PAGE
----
How is Russia faring in its war of choice against Ukraine? With Moscow's military campaign against its western neighbor now at its six-month mark, the tally is both simple and stark: by virtually every metric, the past half-year has been nothing short of ruinous for the Kremlin.
Militarily, Russia's initial plans for a campaign to rapidly "demilitarize" and "de-Nazify" Ukraine, overrun Kyiv and install a new government there fell by the wayside long ago. In the face of fierce Ukrainian resistance, as well as spectacular battlefield missteps in the war's early phases, Moscow was forced to revise its initial plans downward to merely occupying Ukraine's east. But even this objective isn't going particularly well; Russia currently controls around 20 percent of Ukrainian territory, having lost significant ground since the high water mark of its invasion. And, buoyed by ongoing support and a steady stream of military materiel from the West, Ukraine is poised on the cusp of a major counteroffensive that could see Moscow's gains shrink still further.
In human terms, too, the toll of Russia's Ukraine campaign has been exorbitantly high. The U.S. intelligence community now estimates that the Russian military has lost in excess of 60,000 troops in Ukraine so far—more than the total losses suffered by the Soviet Union during a decade of war in Afghanistan in the 1980s. This subpar performance, in turn, has helped puncture the aura of military prowess that had been exorbitantly high. The U.S. intelligence community now estimates that the Russian military has lost in excess of 60,000 troops in Ukraine so far—more than the total losses suffered by the Soviet Union during a decade of war in Afghanistan in the 1980s.
Nor does this situation look to improve any time soon. Whereas Ukrainians are united in their determination to fight to preserve their independence, Russians appear far less committed to Russian President Vladimir Putin's pet cause. So, as the war has dragged on, Moscow has found it more and more difficult to field forces for its military offensive. As a result, it has been forced to resort to increasingly creative means to replenish its dwindling army ranks—such as the recruitment of convicts (including rapists and murderers) to serve in the military through promises of lavish stipends and amnesties if they survive. Yet even these methods haven't succeeded in fully replenishing Russia's military, and key units now lack adequate personnel.
Economically, meanwhile, Putin's war of choice—and the West's response to it—has ravaged the country. You might not know it from the public statements of Russian officials, who have taken pains to point to a rebounding ruble and other indicators as proof that the country, although not thriving, is nonetheless surviving Western pressure. The true state of affairs, however, is considerably grimmer. According to a new study by Yale University's School of Management, the Russian economy has been "catastrophically crippled" by the cumulative impact of Western sanctions and the departure of thousands of international firms. "Russia has lost companies representing ~40% of its GDP, reversing nearly all of three decades worth of foreign investment," the report states. Moreover, sanctions have "irrevocably deteriorated" Russia's exports, while imports into the country from abroad have "largely collapsed."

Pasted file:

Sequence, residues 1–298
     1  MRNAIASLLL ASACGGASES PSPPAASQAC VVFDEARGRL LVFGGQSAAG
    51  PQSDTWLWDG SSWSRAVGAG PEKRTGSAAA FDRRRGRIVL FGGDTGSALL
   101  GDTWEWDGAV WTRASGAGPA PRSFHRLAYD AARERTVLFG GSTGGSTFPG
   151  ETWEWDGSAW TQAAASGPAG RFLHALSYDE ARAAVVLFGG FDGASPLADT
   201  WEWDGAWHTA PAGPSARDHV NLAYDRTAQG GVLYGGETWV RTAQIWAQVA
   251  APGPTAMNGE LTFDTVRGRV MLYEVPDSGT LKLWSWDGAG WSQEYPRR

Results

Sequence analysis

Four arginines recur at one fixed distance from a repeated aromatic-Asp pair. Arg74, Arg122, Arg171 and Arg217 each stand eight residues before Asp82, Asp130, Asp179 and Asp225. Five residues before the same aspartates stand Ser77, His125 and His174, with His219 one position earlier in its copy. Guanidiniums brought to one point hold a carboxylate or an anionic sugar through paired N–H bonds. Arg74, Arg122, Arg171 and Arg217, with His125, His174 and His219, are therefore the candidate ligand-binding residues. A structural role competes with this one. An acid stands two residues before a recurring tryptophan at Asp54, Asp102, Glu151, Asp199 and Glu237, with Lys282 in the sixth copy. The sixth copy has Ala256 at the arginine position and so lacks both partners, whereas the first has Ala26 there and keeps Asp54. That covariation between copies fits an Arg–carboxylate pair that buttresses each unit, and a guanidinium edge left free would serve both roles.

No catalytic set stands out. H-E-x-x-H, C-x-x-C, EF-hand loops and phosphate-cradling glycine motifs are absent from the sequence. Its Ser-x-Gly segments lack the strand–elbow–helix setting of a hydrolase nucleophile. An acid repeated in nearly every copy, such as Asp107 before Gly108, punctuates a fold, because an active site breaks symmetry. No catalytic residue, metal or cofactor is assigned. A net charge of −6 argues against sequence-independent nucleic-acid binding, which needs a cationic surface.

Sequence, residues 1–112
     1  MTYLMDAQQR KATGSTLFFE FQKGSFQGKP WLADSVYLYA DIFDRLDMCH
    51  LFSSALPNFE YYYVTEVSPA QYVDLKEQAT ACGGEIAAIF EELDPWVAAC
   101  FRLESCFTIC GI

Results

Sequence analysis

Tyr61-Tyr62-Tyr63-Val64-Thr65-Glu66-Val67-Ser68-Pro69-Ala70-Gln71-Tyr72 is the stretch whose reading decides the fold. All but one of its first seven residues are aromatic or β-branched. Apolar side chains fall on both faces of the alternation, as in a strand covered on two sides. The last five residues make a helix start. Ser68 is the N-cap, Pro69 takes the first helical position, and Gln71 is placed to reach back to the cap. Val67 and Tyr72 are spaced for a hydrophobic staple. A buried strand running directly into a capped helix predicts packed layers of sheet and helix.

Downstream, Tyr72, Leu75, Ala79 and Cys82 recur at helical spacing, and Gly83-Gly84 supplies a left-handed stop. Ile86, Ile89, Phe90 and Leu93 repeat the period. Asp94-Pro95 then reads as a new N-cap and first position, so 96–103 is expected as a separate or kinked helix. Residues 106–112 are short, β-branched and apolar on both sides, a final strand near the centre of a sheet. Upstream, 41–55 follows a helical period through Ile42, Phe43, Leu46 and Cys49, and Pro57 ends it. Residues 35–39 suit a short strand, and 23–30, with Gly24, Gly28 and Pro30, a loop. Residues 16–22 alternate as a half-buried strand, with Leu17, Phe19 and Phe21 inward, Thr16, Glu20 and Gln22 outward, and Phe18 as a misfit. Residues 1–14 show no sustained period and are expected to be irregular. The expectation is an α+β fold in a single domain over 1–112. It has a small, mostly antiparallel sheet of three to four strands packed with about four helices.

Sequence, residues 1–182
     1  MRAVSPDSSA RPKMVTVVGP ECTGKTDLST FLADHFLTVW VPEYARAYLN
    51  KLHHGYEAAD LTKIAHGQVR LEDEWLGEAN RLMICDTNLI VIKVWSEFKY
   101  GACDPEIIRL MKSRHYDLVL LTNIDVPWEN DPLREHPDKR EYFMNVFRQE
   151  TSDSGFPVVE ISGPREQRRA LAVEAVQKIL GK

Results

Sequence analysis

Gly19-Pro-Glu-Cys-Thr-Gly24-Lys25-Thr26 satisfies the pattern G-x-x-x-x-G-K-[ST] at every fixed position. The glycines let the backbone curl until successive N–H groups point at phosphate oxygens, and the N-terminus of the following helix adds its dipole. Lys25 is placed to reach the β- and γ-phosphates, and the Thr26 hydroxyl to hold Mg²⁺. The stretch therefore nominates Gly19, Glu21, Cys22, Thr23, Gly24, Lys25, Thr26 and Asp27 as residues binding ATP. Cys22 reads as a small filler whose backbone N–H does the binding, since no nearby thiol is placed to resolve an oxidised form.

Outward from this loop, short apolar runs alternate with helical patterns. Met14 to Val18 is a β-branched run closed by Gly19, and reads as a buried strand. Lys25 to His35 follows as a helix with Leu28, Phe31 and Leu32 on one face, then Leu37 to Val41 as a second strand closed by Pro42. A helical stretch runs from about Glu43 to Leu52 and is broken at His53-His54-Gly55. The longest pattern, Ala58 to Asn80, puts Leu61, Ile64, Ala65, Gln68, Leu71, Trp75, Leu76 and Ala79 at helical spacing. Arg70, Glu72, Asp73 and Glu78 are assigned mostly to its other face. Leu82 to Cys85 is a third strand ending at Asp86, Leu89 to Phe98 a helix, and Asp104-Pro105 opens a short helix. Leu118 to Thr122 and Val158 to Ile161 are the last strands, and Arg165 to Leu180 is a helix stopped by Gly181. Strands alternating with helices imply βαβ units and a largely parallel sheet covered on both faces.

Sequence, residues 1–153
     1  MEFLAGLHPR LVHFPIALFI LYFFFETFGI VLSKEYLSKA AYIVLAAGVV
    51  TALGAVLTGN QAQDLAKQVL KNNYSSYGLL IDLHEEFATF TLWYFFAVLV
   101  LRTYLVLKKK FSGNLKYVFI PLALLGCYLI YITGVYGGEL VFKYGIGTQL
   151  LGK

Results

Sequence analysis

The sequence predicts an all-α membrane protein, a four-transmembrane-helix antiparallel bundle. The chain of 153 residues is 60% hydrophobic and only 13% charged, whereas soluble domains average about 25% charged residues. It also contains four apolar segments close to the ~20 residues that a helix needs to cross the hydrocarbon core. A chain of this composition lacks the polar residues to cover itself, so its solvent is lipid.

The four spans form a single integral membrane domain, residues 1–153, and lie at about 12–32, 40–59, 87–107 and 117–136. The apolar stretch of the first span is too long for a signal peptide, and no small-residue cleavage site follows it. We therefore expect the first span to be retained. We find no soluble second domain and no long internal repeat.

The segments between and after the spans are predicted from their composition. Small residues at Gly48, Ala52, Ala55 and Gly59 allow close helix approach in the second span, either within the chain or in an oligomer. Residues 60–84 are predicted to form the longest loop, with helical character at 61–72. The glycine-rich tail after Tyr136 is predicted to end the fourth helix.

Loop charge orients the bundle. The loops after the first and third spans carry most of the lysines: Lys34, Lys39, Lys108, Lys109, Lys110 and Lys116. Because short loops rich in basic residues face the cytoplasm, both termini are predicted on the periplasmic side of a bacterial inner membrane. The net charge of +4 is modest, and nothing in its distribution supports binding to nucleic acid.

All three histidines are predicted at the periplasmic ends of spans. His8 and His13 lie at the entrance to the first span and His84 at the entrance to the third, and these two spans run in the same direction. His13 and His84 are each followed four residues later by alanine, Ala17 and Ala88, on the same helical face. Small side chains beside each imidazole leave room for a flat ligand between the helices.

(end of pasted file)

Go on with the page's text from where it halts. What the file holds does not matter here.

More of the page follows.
The impact is being felt in various Russian industries, which have now become closed off to the world. Russia's aviation industry, for example, has begun to eat itself, with state-owned airline Aeroflot resorting to stripping working aircraft for spare parts in order to service its many Western-built planes amid a parts shortage caused by sanctions. Russia's automotive sector is faring even worse. Car production has constricted by a staggering 97 percent as major automakers have pulled out of the country, and just two out of 20 car plants now remain in Russia.
None of this means that the Kremlin is about to cut its losses on the Ukraine front, however. To the contrary, Russian President Vladimir Putin and his cronies appear to be gambling that increasingly extreme brinkmanship (like threatening to obliterate Europe's largest nuclear power plant) might allow them to eke out a measure of strategic victory vis-à-vis Kyiv.
Nevertheless, it is already clear that, across metrics that matter—political standing, economic prosperity, and military prowess—the costs of the present conflict have already become exorbitantly high, both for Russia and for ordinary Russians.
Ilan Berman is senior vice president of the American Foreign Policy Council in Washington, D.C.